Routine repairs are expected to begin in the Spring of 2023, officials with the Miami-Dade County Department of Transportation and Public Works explained during a public meeting Thursday evening.
Estimated to cost just under $2.5 million, the project will address deficiencies found at and below the driving surface during the last inspection of the bridge in June 2020. County officials are continuing to work on a full replacement of the aging span, but that $90 million initiative is still years away.
The final design plans were completed in October and the county is now in the process of securing the necessary permitting. Construction work is expected to take about six months, with work on track for beginning in the Spring and being completed by the Fall.
Details of the project were explained during the virtual public meeting, with only a few members of the public asking questions. The meeting was scheduled for two hours, but with few questions or public comment, wrapped in about 35 minutes.
Overnight temporary lane closures will be required in order to complete the repairs at the deck level. Closures will occur from 9:30 p.m. to 5:30 a.m. to minimize traffic congestion.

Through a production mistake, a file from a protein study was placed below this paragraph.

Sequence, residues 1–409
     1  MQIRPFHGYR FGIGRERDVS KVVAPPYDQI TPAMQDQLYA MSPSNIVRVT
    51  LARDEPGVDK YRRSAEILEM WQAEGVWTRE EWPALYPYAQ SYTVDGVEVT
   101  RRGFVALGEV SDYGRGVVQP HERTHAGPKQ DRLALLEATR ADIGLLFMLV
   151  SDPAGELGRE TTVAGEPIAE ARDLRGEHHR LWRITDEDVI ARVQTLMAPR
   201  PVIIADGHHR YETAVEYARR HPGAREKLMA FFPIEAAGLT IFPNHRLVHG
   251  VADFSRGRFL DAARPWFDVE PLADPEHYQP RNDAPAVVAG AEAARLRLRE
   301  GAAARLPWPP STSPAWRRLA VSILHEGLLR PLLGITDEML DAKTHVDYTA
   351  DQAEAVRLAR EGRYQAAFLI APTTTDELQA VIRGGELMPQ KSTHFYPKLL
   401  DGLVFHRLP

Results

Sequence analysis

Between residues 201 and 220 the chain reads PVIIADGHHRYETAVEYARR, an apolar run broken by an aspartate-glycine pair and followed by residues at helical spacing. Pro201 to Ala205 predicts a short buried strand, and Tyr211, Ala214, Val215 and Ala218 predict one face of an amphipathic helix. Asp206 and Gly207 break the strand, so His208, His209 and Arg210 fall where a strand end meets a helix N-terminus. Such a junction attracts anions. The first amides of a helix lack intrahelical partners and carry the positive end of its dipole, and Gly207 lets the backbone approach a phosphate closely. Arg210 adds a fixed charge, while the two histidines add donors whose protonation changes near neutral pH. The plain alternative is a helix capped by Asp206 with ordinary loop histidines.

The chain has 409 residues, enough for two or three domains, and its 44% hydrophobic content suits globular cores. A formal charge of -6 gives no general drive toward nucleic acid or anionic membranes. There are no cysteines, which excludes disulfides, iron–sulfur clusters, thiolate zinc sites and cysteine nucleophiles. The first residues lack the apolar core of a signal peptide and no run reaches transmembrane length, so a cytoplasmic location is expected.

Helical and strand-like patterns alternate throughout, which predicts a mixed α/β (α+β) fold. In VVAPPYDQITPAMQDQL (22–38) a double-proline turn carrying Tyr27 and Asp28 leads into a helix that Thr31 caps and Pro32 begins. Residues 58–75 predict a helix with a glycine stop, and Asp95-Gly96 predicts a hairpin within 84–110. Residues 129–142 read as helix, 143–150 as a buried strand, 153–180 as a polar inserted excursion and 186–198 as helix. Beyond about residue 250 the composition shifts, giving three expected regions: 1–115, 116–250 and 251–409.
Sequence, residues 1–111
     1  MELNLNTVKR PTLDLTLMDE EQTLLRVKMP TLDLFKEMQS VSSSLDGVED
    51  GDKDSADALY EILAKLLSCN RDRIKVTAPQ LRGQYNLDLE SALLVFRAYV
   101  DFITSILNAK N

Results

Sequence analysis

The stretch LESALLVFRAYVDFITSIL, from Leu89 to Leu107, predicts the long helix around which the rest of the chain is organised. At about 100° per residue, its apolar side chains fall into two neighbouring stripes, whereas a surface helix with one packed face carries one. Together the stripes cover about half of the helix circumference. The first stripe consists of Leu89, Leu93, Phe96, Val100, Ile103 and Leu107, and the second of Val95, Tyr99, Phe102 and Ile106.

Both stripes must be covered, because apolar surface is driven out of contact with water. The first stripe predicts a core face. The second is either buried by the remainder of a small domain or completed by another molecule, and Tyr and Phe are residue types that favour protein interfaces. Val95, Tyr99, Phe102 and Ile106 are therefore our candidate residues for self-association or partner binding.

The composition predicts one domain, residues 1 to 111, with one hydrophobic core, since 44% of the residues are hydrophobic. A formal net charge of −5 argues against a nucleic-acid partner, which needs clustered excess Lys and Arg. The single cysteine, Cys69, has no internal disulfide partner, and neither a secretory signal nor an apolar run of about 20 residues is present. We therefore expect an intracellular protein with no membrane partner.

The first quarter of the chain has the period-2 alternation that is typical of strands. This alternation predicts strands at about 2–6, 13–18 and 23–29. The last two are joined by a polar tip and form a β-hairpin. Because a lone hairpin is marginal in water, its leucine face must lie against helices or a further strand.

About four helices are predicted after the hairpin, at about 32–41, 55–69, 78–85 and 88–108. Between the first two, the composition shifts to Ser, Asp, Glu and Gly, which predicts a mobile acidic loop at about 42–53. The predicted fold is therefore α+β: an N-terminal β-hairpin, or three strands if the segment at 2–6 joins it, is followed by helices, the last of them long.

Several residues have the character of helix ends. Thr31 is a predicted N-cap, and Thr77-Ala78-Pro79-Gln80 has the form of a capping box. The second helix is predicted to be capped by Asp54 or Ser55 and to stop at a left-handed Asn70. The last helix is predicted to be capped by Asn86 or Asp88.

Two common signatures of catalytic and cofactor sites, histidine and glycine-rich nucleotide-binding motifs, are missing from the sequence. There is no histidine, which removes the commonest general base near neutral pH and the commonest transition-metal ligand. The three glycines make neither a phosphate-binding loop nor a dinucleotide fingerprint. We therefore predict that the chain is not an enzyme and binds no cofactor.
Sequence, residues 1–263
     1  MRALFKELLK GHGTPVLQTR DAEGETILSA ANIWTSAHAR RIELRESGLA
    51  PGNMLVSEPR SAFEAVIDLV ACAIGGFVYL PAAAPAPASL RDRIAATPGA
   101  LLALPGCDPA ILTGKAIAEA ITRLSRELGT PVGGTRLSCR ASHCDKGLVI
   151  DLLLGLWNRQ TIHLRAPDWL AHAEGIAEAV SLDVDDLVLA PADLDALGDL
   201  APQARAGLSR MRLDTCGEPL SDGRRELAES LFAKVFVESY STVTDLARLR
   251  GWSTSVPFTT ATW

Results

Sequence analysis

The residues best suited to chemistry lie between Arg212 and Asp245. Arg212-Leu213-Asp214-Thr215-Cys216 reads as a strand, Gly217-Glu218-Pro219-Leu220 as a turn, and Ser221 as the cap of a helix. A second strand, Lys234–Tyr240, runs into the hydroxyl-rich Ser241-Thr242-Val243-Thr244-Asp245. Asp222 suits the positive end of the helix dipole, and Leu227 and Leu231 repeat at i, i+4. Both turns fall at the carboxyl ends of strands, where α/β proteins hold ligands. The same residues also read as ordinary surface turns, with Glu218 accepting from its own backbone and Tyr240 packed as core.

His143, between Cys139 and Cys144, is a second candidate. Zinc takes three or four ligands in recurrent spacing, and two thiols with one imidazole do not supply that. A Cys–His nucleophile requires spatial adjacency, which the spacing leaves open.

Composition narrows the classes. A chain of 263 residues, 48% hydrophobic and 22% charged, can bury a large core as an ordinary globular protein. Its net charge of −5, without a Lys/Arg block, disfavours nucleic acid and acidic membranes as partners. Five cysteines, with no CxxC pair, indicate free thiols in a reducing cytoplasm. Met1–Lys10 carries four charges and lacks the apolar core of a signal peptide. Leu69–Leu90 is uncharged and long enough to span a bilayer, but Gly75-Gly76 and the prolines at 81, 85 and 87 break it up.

The road closures will only occur during a period of about one and a half months in two phases.
During the first phase, there will be one lane of traffic open in each direction, without shoulders, and the special use path will remain open on the north side of the bridge. During the second phase, there will be one lane of traffic open in each direction, with inside shoulders, and the special use path will remain open on the south side of the bridge.
As plans move forward with repairs, so does a master plan by the village and the county to ensure a new Rickenbacker Causeway meets the needs of island residents, workers commuting on and off Key Biscayne, and other stakeholders.
The village has developed its own overall draft for the Rickenbacker that has been submitted to Mayor Danielle Levine Cava’s administration for review, although the plan is still in the conceptual phase.
Newly-elected Mayor Joe Rasco was among the village officials in attendance.
A couple residents raised concerns about the overnight closures, especially the ability of emergency vehicles to get across.
“We will not close the entire bridge down,” Miguel Soria, assistant director of Highway Bridge Engineering Division of the department, assured the public.
Built in 1944, the Bear Cut Bridge, part of Rickenbacker Causeway, is one of three connecting Key Biscayne to the Miami mainland.
Ryan Fisher, manager of the Highway Bridge Engineering Division of the department, explained to one resident that the repairs were routine needed to maintain the older bridge. The repairs should expand the bridge’s lifespan another 10 to 15 years.
“Once bridges reach this type of age, you’re going to be maintaining them in this manner about every eight to 10 years to keep them in a state of good repair,” Fisher said.